From Middle English _mete_, _imete_, from Old English _ġemǣte_ (“suitable, having the same measurements”), from the Proto-Germanic _*gamētijaz_ (cognate with Dutch _meten_ (“measure”), German _gemäß_ (“suitable”) etc.), itself from collective prefix _ge-_ + Proto-Indo-European _*med-_ (“to measure”). PRONUNCIATION * enPR: mēt, IPA(key): /miːt/ * Rhymes: -iːt * Homophones: meat, mete ADJECTIVE MEET (_comparative_ MEETER, _superlative_ MEETEST) * suitable; right; proper * For usage examples of this term, see the citations page. TRANSLATIONS

From Middle English mete, imete, from Old English ġemǣte (suitable, having the same measurements), from the Proto-Germanic *gamētijaz (cognate with Dutch meten (measure), German gemäß (suitable) etc.), itself from collective prefix ge- + Proto-Indo-European *med- (to measure).

Pronunciation

Adjective

meet (comparative meeter, superlative meetest)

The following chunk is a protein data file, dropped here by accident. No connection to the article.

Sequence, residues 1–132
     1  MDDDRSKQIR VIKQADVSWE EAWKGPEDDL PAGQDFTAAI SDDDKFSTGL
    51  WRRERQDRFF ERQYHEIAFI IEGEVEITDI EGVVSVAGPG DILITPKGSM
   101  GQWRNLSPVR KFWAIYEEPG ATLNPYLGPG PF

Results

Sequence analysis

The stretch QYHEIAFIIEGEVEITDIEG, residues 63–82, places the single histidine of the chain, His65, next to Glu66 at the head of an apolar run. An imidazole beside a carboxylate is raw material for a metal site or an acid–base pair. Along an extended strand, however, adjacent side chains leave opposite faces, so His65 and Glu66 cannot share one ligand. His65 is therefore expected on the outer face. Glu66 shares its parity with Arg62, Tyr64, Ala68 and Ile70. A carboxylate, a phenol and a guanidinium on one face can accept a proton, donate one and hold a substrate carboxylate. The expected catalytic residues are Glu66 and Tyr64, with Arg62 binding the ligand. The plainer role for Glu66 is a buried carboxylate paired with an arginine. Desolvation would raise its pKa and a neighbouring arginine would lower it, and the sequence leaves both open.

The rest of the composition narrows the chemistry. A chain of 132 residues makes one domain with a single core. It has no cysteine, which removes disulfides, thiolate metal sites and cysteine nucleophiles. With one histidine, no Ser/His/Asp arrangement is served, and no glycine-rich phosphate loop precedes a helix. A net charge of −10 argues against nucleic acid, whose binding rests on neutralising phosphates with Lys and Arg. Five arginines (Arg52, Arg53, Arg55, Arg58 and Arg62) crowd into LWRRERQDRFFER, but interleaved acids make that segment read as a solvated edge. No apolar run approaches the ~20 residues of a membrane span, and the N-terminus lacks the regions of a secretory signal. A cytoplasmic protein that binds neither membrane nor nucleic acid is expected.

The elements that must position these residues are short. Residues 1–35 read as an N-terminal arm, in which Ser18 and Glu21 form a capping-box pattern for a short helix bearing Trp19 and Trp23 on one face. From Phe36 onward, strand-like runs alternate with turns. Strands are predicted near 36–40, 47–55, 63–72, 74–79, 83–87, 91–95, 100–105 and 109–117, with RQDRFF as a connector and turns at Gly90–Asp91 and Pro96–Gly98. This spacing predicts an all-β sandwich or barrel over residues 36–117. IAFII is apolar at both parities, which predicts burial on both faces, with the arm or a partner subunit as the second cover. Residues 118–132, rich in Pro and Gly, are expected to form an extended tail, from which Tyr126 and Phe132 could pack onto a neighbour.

1. suitable; right; proper
Translations

Que a categoria em ENGLISH - REFERENCES
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English - References

* “meet” in Douglas Harper, _Online Etymology Dictionary_ (2001). [2]

Que a categoria em ENGLISH - ANAGRAMS
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English - Anagrams

* mete * teem

Que a categoria em DUTCH - PRONUNCIATION
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Dutch - Pronunciation

* Rhymes: -eːt * IPA(key): /meːt/

  • Rhymes: -eːt
  • IPA(key): /meːt/

Que a categoria em DUTCH - ETYMOLOGY 1
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Dutch - Etymology 1

From English NOUN MEET f (_plural_ METEN, _diminutive_ MEETJE n) * The finish line in a competition